larity as advertising mediums, and I The workmen, numbering over 5,000,
that the workers of the country are I have won a complete victory. Be-
realizing more and more the neces-1 ginning Thursday morning they will
figuring where you get off at!
talk hides a
President Taft refused to umpire a
ball game at Boston last Monday. The
president may not be charged with
lack of courage, hence he must be ad
mired for his discretion.
The attention of Kirbyjunior is di
rected to the eminent McKees Rocks
gentleman who said HE would never
give in to the strikers, and then gave
in. Things are coming bad for Kir-
A lot of "square man'
A man can never really sympathize
until he has actually suffered.
The man who stops to throw a rock
at every barking dog does not go far
in a day.
Tour label is not entitled to any
more recognition than your Drotner
When a man's graft is interfered
sity of supporting papers that will
give their side of the case to the
public We would call especial at
tention to the following handsome
Labor Day issues:
The Worcester, Mas., Labor News,
twenty-four pages, on fine book pa
per, handsomely illustrated and full
of remunerative advertising. Des
Moines, la.. Unionist, thirty-six pages,
well illustrated and full of the matter
that cheers the business office: also
with he is quick to charge improper I of matter that was of interest and
It's up to you, Mr. Sharp. The
State Fair is over, and the employes I his IeveL
motives to the one who interferes.
Self interest should impel us to lift
up tne Drotner wno is lower clown.
lest he reach up and pull us down to
of the Traction Co, are asking only
what is right, humane and Christian.!
Senator Burkett says he can not see
why republicans should get into a
quarrel over the tariff law. The sena
tor should consult an oculist.
You never hear a Nebraska wage
earner kicking on mud at this season
of the year. That is, not if he is a
wage earner with brains.
Organized labor has failed to per
form a very much needed educational
work. The public has been deceived
by false teachers.
After making an - utter failure at
everything they have tackled some
men turn socialist and begin, abusing
everybody who is accomplishing some
FIGURES OF UNEMPLOYMENT.
profit to the readers. The Oklahoma
City, Okla., Labor Unit, which was in
keeping with the record of that young
state' and its wide-awake unionists.
Nothing finer in the way of a labor
paper ever came off the press. The
Pueblo, Colo, Industrial Review was
a credit to the Pittsburg of the west
and to its editor and publisher.
Printed in colors, well illustrated and
full of good stuff, the Review was a
pleasure to look at. The Kansas City,
return to work a thousand a day.
While formal action - declaring the
trouble at an end will not be taken
until a vote is cast by the men some
time tomorrow, C. A. Wise, chairman
of the strikers executive committee,
stated tonight that the employes of
the big plant will unanimously decide
to return to work Thursday. Practi
cally all the demands made by the
men, he said, have been granted by
The satisfaction of the men over
the final outcome of their contention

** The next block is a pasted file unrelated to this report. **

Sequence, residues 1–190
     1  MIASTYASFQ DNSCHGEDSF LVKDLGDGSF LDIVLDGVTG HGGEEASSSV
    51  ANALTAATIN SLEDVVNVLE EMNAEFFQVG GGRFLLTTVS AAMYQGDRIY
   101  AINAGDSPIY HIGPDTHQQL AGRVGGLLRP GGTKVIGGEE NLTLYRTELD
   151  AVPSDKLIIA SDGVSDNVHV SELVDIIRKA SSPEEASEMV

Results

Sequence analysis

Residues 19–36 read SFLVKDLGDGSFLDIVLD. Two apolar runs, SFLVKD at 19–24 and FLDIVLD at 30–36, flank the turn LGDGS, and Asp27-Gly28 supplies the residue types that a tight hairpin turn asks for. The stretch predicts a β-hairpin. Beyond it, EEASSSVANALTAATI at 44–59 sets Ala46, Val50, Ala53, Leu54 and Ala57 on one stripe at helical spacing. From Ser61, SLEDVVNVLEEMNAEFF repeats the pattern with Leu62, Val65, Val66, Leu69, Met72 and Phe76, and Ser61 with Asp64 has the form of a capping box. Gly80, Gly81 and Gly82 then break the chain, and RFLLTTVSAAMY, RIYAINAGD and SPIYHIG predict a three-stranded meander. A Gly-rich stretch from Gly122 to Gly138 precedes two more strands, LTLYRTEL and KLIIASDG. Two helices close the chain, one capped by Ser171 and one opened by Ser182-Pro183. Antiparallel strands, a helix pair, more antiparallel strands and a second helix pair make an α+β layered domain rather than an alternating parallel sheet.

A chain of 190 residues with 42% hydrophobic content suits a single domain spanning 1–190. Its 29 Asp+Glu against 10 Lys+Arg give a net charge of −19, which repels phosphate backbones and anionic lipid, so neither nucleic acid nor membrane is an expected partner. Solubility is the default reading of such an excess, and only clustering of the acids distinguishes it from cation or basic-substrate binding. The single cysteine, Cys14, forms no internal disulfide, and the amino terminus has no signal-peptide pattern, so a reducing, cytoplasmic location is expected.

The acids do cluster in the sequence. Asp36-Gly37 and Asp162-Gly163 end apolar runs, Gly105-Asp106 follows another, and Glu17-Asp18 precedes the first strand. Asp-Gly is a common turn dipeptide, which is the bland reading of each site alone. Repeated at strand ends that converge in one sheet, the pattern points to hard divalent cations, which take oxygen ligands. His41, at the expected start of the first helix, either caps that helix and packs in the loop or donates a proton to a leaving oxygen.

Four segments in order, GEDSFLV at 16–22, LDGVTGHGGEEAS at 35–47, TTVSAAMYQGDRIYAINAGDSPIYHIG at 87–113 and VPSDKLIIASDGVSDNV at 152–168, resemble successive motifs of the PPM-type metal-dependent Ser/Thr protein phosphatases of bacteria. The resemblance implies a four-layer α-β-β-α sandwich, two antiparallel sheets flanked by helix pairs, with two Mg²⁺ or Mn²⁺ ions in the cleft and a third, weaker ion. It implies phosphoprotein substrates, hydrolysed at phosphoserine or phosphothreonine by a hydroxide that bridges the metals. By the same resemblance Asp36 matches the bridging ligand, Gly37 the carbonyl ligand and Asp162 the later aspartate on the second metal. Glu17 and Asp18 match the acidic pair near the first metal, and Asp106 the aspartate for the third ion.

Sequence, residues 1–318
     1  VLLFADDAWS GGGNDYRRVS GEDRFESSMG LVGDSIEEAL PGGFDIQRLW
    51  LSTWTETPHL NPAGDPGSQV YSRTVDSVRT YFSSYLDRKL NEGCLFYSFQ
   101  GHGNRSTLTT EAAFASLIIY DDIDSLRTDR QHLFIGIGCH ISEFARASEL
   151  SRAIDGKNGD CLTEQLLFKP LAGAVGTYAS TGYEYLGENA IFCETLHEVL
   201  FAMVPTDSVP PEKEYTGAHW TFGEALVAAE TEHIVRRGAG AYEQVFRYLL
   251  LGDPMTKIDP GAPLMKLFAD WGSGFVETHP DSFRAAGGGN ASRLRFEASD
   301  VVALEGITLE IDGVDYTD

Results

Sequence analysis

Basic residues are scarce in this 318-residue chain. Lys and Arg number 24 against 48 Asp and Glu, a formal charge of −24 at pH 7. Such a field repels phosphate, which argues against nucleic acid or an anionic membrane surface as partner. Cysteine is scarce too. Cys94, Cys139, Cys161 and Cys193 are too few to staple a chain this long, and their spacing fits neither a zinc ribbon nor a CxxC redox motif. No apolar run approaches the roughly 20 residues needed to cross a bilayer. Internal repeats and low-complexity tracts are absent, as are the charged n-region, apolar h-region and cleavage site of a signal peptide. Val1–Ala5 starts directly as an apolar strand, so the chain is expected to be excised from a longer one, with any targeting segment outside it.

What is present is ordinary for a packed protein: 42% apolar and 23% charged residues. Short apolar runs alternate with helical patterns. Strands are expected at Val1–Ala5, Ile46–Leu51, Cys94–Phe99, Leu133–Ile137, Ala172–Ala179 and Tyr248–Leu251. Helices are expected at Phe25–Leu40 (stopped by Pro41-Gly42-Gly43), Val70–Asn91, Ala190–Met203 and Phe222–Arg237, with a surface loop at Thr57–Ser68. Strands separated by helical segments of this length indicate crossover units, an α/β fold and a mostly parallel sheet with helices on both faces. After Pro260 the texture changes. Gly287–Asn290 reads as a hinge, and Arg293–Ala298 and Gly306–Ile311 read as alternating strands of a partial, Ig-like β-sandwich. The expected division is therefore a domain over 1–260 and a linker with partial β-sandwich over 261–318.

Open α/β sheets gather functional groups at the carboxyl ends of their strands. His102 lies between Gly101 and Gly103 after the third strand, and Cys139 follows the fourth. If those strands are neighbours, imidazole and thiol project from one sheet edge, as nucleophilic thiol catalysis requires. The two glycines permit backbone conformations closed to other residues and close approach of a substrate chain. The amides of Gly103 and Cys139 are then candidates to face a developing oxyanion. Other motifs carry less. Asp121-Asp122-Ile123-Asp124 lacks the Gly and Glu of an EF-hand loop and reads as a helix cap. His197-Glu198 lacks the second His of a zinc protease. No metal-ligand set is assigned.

is general. ' 1
Among the changes agreed to by
the company are the following: No
Sunday work hereafter; half holiday
on Saturday; the promise of an in
crease in wages; the indefinite sus
pension of T. A. Farrell, chief of the
company police; a printed list of
prices to be paid will be exhibited
in all departments, so the men will
know exactly what they are to re-
A SUDDEN BEREAVEMENT.
Mr. James Yates, a well known resi
dent of Lincoln, died very suddenly
at York on Thursday of last week.
Mr. Yates was in York attending to
some business, and was stricken
while at a hotel. His illness lasted
but a few minutes. The remains
were brought to Lincoln and after
brief funeral ceremonies were interred
in Wyuka Saturday. Mr. Yates was
the father of C A. Yates, well known
in allied printing trades circles and
pressman' at the Wood ruff -Collins
establishment. The sincere sympathy
of a large circle of trades onion
friends is extended to C. A. Tate
and to the other members of the
Mo., Labor Herald went its former leeive for piecework, and a guarantee
records one better, which means that I that better conditions are to prevail
the Herald set a great pace. Editor I throughout the big mill.
For justice of the supreme court,
John J. Sullivan. To date there Is the
only preferred candidate this humble
little labor paper has.
And now for a "Labor Crautauqua.'
Let Lincoln be the pioneer in such a
great educational movement along in-las compared with 35.7
dustrial lines. date in 1908.
We wonder how many of those who
For one we'd walk a long ways to I read this statement in the paper real-
hear Senator Burkett and Charles i2ed its awful significance. In March
Whedon debate the Payne-Aldrich tar-1 this year more than one-fifth of the
iff law. I organized workers were out of work
and in March last year more than
Well always believe It would have one-third of the organized workers
been the greatest Labor Day celebra- were out of work. One out of every
tioa ever pulled off in Lincoln. I five men, one out of every three men
out of work, looking for work, not
It rained on Labor Day but think knowing how long he will be out of
of what it means in the way of pros- work, not knowing what the end of
HUMANE, ECONOMIC AND
The demand of the Amalgamated
Association of Street and Electrical
Railway Employes. Division No. 522,
of Lincoln, for one day's rest in sev
en is, as Miss McDowell asserted, "hu
mane, economic and American. She
very clearly put the situation to the
humanity-loving people of Lincoln, and
we fully believe that such people are
in the vast majority in this good city
The street railway men are asking
for a shorter work day, and for one
day's rest in seven. That request
should be backed up by every Chris
tian in this city. It should be backed
up by every lover of humanity and of
And Miss McDowell also gave voice
to a great truth when she said that
until the Christian people of Lincoln
had helped to establish a Saturday
half-holiday In Lincoln they had no
right to object to Sunday amusements